James Borrell is a biodiversity scientist and science communicator researching how people and nature can adapt to environmental change.

Yet Another Example Of How Adventure And Citizen Science Are Compatible

I spent last night at the #AdventureGathering. The format pretty much converges for lots of these events – you find a reason to get lots of people who have done, or a thinking of doing some fairly daft things, in the same room – and then you see what happens!

In the space of a couple of hours, I managed to meet a chap who had rafted the amazon, a lady who helps to organise the Olympics in Brazil, another with a passion for dynamite fishing (not actually doing it, just the issue!), a bunch of SUPers, a chap who hitchhiked a rather long way, and a couple who are running and cycling similar distances too.

Phew, when stepping out into the cold London night, it’s events like this that serve to remind you to keep trying to do, whatever it is you want to do.

One thing that makes me particularly happy though, is how many of the adventures and challenges were seeking to be more. From citizen science to raising money for charity, or even just showing other folks (especially girls) that ordinary people can do extraordinary things.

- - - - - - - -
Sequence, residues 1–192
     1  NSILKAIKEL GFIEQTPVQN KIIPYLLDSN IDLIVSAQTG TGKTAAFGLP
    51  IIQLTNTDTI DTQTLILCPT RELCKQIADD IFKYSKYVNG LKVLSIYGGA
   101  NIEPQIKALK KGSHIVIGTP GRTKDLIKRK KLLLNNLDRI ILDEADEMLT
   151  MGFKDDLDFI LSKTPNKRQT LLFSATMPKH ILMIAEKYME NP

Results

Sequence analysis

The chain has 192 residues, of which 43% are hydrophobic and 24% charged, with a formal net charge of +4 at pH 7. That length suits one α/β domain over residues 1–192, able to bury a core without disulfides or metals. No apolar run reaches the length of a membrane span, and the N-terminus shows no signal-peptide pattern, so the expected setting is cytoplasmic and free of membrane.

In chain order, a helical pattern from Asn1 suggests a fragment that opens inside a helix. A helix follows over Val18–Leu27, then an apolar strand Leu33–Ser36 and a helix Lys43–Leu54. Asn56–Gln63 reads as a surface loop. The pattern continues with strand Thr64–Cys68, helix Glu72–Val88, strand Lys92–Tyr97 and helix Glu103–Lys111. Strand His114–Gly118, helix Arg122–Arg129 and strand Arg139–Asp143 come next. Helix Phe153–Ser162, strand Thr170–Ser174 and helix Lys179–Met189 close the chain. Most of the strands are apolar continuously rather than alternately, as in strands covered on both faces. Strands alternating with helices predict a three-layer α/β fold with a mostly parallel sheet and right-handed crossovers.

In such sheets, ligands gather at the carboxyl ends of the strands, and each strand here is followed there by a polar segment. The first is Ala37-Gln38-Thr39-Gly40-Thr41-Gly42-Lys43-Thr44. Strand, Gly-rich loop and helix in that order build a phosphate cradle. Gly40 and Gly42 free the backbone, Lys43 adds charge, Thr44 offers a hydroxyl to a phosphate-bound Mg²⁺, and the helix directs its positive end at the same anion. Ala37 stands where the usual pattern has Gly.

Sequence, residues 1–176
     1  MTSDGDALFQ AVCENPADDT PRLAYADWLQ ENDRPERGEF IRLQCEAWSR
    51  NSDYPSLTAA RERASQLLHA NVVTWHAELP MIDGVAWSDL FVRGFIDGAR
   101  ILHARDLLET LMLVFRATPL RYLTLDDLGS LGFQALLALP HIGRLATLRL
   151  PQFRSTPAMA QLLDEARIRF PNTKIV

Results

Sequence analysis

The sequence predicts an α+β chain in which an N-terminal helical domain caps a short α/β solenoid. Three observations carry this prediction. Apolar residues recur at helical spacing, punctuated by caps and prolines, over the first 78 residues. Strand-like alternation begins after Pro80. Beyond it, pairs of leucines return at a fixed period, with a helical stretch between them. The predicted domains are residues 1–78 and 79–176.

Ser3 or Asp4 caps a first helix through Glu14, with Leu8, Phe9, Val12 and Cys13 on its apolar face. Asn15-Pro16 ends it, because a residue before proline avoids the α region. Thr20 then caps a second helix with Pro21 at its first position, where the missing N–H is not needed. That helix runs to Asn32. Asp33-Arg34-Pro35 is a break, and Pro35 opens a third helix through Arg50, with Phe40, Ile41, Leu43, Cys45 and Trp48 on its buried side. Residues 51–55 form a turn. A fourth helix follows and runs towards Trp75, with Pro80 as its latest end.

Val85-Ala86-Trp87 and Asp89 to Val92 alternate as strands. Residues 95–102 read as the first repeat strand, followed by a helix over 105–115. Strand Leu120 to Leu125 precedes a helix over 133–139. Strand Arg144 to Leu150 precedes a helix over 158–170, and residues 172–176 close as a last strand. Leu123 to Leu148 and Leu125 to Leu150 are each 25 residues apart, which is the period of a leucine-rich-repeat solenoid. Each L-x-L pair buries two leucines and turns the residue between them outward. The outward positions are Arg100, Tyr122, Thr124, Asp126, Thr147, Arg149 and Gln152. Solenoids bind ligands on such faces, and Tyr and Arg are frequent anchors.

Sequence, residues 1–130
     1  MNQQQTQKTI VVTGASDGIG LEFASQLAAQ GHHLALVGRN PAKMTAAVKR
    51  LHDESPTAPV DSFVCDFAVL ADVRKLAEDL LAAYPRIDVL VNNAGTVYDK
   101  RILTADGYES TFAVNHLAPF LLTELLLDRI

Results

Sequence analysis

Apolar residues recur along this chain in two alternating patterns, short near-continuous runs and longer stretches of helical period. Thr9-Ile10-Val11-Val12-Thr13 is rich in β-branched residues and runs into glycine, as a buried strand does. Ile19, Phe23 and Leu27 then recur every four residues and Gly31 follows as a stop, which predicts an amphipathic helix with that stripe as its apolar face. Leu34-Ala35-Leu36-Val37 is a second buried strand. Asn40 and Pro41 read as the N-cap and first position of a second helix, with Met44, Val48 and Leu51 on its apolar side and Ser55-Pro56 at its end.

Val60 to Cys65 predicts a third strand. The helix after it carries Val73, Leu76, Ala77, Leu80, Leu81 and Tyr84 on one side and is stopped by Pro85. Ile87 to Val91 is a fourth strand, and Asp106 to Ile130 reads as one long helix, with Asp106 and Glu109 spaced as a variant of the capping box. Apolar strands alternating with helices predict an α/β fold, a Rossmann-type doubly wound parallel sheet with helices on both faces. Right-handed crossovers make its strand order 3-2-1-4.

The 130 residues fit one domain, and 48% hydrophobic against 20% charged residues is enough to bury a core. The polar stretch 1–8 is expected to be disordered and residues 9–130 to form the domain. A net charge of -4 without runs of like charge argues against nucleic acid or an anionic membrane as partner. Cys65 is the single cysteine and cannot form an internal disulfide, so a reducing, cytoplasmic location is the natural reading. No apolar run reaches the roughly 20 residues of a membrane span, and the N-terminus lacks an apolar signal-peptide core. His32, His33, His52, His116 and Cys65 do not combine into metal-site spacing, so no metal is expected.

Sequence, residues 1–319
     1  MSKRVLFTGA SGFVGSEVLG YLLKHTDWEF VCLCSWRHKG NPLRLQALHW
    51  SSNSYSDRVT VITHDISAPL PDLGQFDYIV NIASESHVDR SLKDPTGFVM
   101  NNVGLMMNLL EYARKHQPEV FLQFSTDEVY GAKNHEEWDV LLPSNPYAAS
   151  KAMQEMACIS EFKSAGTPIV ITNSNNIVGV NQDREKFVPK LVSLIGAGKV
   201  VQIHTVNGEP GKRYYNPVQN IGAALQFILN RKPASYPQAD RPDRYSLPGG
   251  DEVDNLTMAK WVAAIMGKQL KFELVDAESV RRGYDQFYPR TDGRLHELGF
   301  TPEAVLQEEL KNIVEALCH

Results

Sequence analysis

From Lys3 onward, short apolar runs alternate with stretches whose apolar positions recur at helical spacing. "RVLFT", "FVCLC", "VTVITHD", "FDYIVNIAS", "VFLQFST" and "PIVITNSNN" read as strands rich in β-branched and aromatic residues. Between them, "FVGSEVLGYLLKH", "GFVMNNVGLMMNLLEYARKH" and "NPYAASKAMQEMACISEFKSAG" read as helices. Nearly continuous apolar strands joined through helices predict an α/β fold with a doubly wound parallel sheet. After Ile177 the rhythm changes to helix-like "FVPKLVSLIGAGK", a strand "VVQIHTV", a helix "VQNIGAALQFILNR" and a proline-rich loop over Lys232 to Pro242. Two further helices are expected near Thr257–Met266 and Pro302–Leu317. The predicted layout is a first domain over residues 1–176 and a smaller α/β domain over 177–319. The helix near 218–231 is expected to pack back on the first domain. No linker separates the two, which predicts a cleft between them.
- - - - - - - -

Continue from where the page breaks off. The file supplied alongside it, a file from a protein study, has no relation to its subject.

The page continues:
The Morning After

Popping up in my inbox the morning after, a few people have sent me this link, about a crazy Welsh adventurer. I’m particularly excited, because as well as being a daft, tough, sweaty, challenging and long adventure – he’s taken every opportunity to get The Guardian to publish information about the critically endangered species that he’ll see on the way.

Here’s a passage after my own heart…

During his five-month excursion, Dykes expects to see lots of wildlife, including lemurs, chameleons, scorpions, frogs, butterflies and crocodiles (“not too close though!” he noted). But what he hopes most to see is the incredibly-elusive, almost-mythic northern sportive lemur. “ the rarest of the lemur species, with only around 50 left – which is a huge shame!” he said.

“If I do spot it, then I’ll take note of my coordinates and inform the conservationists of my location and time of sighting. I’m hoping it’s in an area that it hasn’t yet been sighted.”

Yes! That ticks all the boxes for me. Good luck to you Ash Dykes, and I hope the spirit of your project is an example to anyone dreaming of a big adventure.

For any Madagascar fans out there, you might want to check out the Lemur Conservation Network. I’m also leading an expedition to Northern Madagascar that leaves in just two months, more about that here.